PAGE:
Another large consideration to take into account was type. A fair percentage of typefaces are not websafe, meaning they were not originally designed or intended to be viewed on a web browser. Web safe fonts are fonts that are pre-installed by many operating systems. While not all systems have the same fonts installed, you can use a web safe font stack to choose several fonts that look similar, and are installed on the various systems that you want to support. If you want to use fonts other than ones pre-installed, as of CSS3, you can use Web Fonts. The fonts I chose to use throughout my website are thankfully websafe, which I was really pleased about. 

Other very relevant production considerations that I took were:

-Screen dimensions - I looked at the most commonly used screen dimensions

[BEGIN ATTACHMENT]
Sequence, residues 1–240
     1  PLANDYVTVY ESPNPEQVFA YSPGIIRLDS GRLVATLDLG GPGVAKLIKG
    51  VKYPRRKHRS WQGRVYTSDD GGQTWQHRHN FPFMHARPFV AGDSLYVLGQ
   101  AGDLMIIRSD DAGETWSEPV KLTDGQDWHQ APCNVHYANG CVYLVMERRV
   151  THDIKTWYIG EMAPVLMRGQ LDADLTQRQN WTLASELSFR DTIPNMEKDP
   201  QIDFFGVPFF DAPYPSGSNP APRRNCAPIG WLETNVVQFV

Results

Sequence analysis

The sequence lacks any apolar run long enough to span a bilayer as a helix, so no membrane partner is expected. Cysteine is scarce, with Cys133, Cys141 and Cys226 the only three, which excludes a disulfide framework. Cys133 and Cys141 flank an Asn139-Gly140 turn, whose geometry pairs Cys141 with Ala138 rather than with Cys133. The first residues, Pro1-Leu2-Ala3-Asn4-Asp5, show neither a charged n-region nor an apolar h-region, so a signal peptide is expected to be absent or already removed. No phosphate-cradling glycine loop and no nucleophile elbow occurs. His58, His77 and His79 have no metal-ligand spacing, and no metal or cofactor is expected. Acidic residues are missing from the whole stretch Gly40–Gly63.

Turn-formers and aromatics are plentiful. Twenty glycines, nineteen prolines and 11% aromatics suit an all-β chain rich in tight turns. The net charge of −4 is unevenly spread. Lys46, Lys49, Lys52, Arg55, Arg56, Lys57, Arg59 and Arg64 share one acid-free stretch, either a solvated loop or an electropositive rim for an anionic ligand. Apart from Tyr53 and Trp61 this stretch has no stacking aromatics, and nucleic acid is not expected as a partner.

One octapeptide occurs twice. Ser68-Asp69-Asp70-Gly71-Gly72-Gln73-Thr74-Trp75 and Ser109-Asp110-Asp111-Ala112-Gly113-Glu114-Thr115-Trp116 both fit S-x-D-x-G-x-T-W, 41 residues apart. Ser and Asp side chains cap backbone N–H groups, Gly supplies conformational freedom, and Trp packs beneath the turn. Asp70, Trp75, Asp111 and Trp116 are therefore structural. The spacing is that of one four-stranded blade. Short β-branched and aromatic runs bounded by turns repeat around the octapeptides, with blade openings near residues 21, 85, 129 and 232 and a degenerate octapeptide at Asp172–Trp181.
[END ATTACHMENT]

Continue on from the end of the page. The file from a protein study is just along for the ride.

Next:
-Screen resolutions
-Colour space, RGB
-Various web browsers
-Mobile device dimensions

Monday, 4 January 2016

OUGD504 - Brief 04 - Type Consideration

For this brief, it was important to consider the type choices and if they would be suitable to translate to web. Working with screen based media comes naturally to me, but this was a consideration that I didn't consciously think about until quite late on in the design process. So I checked whether to fonts I employed were 'websafe'.

The two type faces used throughout my website are Bebas Neue and DIN. Bebas Neue is a webfont and DIN is available as a webfont as FF DIN. I looked online for some brief information regarding webfonts. 

A desktop font is designed to be installed on your computer for use with applications such as Microsoft Word or Adobe Photoshop. Desktop fonts often have special OpenType features that give the user flexibility in designing with them. Importantly, a webfont is a specially tuned font for use on websites using the CSS @font-face declaration. The majority of webfonts have no OpenType features and often have extraneous glyphs removed.  A webfont comes in four flavors. A TrueType file, a WOFF file, an EOT file and an SVG file. Each one is designed to target different browsers. You need all four when using webfonts to build a website.